Saturday, November 1, 2014

‘The Lunar Chronicles’ by Marissa Meyer

Book cover: Cinder by Marissa Meyer. The cover image is the side view of a woman's calf and foot in a high-heeled red shoe. A metallic structure, reminiscent of joints and bones, is faintly visible inside her leg.
Related to my class discussion of fairy tales (and their heroines) this week, I recommend reading The Lunar Chronicles, a series of Young Adult science fiction novels by author Marissa Meyer.

Each book in the series is modeled after a fairy tale, and centers upon a heroine and her “prince.”

With my longstanding interest in “fractured” fairy tales, reading this series was natural for me. And because my comments address the story mid-series, they may unavoidably contain “spoilers.”

Cinder is the first volume in The Lunar Chronicles. It envisions a future in which the Earth’s population is threatened by a warring kingdom that inhabits the moon.

(Originally human, the Lunar inhabitants have the ability to cast a “glamor” that alters their appearance. They also have the ability to take control of humans’ minds.)

Cinder (Meyer’s take on the character of Cinderella) is a cyborg and mechanic. She meets Prince Kaito, ruling head of the Commonwealth (formed from combined earth governments), when he needs an android repaired.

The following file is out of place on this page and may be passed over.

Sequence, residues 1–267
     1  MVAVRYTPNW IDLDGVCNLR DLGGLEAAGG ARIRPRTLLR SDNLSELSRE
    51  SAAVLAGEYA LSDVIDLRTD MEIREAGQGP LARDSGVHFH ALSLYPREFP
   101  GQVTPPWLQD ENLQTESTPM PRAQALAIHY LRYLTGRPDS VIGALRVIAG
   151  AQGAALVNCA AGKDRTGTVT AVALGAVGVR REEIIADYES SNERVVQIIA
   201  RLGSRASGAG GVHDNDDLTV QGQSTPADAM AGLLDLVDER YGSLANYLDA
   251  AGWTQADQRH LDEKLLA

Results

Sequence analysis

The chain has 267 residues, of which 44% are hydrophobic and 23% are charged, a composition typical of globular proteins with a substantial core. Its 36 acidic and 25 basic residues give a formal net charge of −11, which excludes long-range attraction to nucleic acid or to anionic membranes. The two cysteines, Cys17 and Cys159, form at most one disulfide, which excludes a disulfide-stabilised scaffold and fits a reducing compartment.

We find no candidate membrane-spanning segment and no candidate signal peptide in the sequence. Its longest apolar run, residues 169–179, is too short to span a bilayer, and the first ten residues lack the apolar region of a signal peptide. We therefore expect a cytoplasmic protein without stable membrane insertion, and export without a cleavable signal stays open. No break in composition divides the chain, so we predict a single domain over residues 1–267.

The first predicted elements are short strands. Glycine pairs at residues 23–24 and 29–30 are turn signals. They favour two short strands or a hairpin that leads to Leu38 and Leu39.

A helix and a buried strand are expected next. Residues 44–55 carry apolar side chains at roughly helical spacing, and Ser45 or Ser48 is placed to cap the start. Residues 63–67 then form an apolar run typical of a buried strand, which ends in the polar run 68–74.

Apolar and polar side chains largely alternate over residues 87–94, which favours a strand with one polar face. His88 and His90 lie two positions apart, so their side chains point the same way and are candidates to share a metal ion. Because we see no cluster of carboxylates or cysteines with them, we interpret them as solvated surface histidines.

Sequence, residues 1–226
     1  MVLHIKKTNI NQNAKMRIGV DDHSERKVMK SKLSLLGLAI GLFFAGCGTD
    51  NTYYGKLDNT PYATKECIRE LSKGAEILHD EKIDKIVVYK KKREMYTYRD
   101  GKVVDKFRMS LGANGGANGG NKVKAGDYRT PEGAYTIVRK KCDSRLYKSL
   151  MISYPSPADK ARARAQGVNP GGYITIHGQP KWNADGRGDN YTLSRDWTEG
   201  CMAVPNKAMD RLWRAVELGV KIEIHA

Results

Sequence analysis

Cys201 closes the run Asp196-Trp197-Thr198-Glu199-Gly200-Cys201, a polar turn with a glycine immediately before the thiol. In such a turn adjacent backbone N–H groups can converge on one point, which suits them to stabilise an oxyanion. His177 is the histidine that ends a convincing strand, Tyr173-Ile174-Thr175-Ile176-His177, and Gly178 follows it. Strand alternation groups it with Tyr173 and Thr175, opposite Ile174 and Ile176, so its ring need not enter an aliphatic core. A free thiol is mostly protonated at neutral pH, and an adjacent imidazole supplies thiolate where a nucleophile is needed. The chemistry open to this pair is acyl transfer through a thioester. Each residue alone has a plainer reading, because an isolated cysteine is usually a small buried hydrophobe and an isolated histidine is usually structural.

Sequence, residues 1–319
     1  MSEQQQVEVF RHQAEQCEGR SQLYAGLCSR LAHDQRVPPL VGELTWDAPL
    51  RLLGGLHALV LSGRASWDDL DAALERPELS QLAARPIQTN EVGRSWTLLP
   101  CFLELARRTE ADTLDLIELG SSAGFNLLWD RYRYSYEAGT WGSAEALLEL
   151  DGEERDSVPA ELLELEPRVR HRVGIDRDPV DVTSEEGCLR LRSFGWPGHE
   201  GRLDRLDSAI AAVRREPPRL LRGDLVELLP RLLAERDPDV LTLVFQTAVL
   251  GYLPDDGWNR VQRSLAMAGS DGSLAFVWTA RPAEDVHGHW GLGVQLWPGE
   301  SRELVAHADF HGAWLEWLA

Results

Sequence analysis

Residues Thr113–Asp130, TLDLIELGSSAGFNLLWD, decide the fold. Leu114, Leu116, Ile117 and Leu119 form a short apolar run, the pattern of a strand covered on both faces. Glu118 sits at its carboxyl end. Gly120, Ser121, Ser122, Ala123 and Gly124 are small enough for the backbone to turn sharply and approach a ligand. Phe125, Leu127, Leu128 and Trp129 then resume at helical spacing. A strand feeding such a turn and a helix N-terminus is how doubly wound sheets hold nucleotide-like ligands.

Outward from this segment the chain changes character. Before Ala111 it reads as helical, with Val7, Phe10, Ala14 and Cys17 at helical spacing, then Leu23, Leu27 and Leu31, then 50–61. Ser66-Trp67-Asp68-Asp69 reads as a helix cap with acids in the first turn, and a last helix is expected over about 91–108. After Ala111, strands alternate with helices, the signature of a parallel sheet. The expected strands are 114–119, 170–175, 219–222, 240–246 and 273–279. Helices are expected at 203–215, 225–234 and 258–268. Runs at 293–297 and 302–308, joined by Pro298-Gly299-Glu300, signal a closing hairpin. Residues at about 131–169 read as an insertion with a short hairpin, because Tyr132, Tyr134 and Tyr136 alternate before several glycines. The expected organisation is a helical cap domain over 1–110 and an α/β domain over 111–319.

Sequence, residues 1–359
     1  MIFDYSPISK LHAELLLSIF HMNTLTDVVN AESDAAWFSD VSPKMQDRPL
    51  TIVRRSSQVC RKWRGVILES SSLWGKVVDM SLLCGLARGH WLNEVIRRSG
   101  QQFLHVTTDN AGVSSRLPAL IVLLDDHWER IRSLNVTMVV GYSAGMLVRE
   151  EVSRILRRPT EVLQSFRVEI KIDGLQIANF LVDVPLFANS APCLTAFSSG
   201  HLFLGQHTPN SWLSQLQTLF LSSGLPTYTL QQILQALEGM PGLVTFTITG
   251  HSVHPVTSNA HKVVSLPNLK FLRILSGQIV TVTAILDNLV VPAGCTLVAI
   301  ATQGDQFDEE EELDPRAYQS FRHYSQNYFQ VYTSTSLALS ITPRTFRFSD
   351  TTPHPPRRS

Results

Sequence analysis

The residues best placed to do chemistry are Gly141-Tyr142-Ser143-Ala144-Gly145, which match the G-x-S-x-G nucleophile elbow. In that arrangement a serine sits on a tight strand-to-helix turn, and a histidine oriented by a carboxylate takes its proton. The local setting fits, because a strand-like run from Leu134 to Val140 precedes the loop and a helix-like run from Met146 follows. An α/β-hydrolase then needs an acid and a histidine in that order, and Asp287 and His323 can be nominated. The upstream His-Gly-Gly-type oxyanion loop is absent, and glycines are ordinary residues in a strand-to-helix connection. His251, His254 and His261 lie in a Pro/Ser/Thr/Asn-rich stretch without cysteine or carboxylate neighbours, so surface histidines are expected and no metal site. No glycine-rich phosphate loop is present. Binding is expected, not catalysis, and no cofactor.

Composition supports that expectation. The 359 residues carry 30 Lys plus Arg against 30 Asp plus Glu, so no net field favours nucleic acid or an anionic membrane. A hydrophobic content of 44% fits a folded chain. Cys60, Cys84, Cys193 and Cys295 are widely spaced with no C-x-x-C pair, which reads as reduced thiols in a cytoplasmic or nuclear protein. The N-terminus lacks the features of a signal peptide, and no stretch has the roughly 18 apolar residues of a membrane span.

The Lunar Queen, Levana, is pressuring Prince Kaito to marry her; she demands their union as a price to prevent her kingdom attacking Earth, but her plan is to use the wedding to seize power on Earth.

In the second book, the title character, Scarlet, is looking for her missing grandmother.

Scarlet’s “prince” is Wolf, a human who, as a child, was genetically modified to have wolfen characteristics: fierce fighting ability and unquestioning loyalty to the alpha, or leader, of his pack.

The third book, Cress, offers Meyer’s take on the story of Rapunzel. And the fourth book, Winter, is due for publication in November 2015. It centers upon a character who is modeled after Snow White.

Meyer’s The Lunar Chronicles is exciting science fiction that maintains a compelling overall story while expanding its cast in each volume with another fairy tale heroine.

Meyer also plans Fairest, centered around the character Levana, for publication in January 2015. She is essentially the evil queen of “Mirror, Mirror” fame; the book’s cover image on Meyer’s website depicts a veiled figure’s reflection in glass surrounded by an ornate frame.

This reader enjoyed Meyer’s creative take on traditional fairy tales in The Lunar Chronicles, and looks forward to continuing the experience with her upcoming books.

Cross-posted to an online discussion board for a class in children’s literature

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